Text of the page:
The Corner

Economy & Business

Fiddling with the Fed

Federal Reserve Building in Washington, D.C. (Joshua Roberts/Reuters)

The more I read defenses of the Democrats’ idea for changing the Federal Reserve’s mandate to require it to seek increased racial equality (which I wrote about here), the more it seems like they’re skipping a step in thinking it through.

Take Narayana Kocherlakota’s endorsement of the idea. A former Fed governor, he argues that Fed policy would have been better for everyone over the last few decades, and especially the last decade, if it had put weight on reducing the unemployment rate among blacks. It would have then pursued a looser policy than it did. Unemployment would have been lower across the board; and while inflation would have been higher, that would have been fine since it has been so low.

Let’s assume that Kocherlakota is right to think a looser policy would have been better. (I do, in fact, agree with him on this point.) The missing step is: Why do we think that adding a new statutory mandate to reduce racial inequality would have led to this better policy? The Fed during much of the last decade believed that if unemployment fell too low, inflation would start to rise in a dangerous way. The Fed would then have to tighten to stop it from climbing, even at the risk of causing a recession, and most people of all races would then be worse off.

The point is not that the Fed was correct in this assessment. It was clearly mistaken about how low unemployment could fall while inflation stayed low. The point, rather, is that it is not clear how a new congressional mandate to fight racial inequality would have changed that assessment. Here’s how Biden’s advisers reportedly imagine this would have worked:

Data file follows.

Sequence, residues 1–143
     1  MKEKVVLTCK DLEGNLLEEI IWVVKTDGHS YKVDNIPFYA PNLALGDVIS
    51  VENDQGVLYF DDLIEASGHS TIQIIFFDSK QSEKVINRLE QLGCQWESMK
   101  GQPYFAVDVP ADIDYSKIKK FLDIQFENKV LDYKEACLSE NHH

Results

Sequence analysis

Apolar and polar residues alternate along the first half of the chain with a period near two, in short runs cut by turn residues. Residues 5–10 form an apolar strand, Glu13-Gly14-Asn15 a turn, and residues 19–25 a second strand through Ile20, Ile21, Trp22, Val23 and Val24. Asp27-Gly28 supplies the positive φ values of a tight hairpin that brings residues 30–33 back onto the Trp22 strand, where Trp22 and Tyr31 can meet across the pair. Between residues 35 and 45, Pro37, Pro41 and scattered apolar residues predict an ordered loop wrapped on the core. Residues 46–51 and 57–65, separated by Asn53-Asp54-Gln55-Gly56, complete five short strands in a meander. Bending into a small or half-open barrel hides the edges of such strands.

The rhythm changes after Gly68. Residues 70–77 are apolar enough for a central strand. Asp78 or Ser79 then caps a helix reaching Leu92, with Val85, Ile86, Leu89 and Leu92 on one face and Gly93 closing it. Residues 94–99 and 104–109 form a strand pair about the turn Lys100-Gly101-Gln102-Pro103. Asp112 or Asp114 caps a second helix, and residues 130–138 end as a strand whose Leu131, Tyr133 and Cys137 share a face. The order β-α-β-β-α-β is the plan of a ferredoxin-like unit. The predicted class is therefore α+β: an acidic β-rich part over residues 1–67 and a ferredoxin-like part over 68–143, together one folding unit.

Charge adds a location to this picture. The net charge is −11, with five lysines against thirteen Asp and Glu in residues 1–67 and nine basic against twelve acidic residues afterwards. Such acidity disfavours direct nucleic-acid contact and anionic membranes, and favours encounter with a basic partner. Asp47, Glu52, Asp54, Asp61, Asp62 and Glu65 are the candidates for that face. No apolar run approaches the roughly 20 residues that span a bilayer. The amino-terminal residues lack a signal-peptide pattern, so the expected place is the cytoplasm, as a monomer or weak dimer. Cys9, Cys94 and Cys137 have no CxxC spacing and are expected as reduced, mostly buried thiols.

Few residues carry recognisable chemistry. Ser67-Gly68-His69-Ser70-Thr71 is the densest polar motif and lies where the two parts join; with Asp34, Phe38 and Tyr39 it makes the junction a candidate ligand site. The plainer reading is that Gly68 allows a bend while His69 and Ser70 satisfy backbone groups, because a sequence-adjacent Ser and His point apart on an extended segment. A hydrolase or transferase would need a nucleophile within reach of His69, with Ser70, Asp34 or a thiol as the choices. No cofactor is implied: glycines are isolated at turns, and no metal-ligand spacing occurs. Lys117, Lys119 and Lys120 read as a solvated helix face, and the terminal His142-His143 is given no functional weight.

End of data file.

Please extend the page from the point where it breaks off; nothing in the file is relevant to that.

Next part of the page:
Black workers have seen higher unemployment rates than other races for decades. So Biden’s camp says it’s wrong to consider a 5% jobless rate as “maximum employment,” as some did at the Fed in 2015, a time when the jobless rate for African-Americans remained at 9.4%.

Again, the Fed was wrong to think that 95 percent overall employment and 90.6 percent black employment was as good as the economy could do without higher inflation. Given that belief, however, it concluded that slowly tapping the brakes was the right thing to do. Why wouldn’t a 2015 Fed operating under the racial-equality mandate have just said, “Minimizing black unemployment over the long run requires us to start raising interest rates so as to keep inflation under control”?

A cynical way of putting this is that as long as the Fed has three statutory goals, it can always justify anything it does as a way of optimizing among them — and adding a fourth goal (racial equality) will only add to its freedom rather than constrain it. A more Fed-sympathetic way of putting it is that if the institution’s mental model of the economy is off, that’s what primarily needs changing.

Ramesh Ponnuru is a senior editor for National Review, a columnist for Bloomberg Opinion, a visiting fellow at the American Enterprise Institute, and a senior fellow at the National Review Institute.

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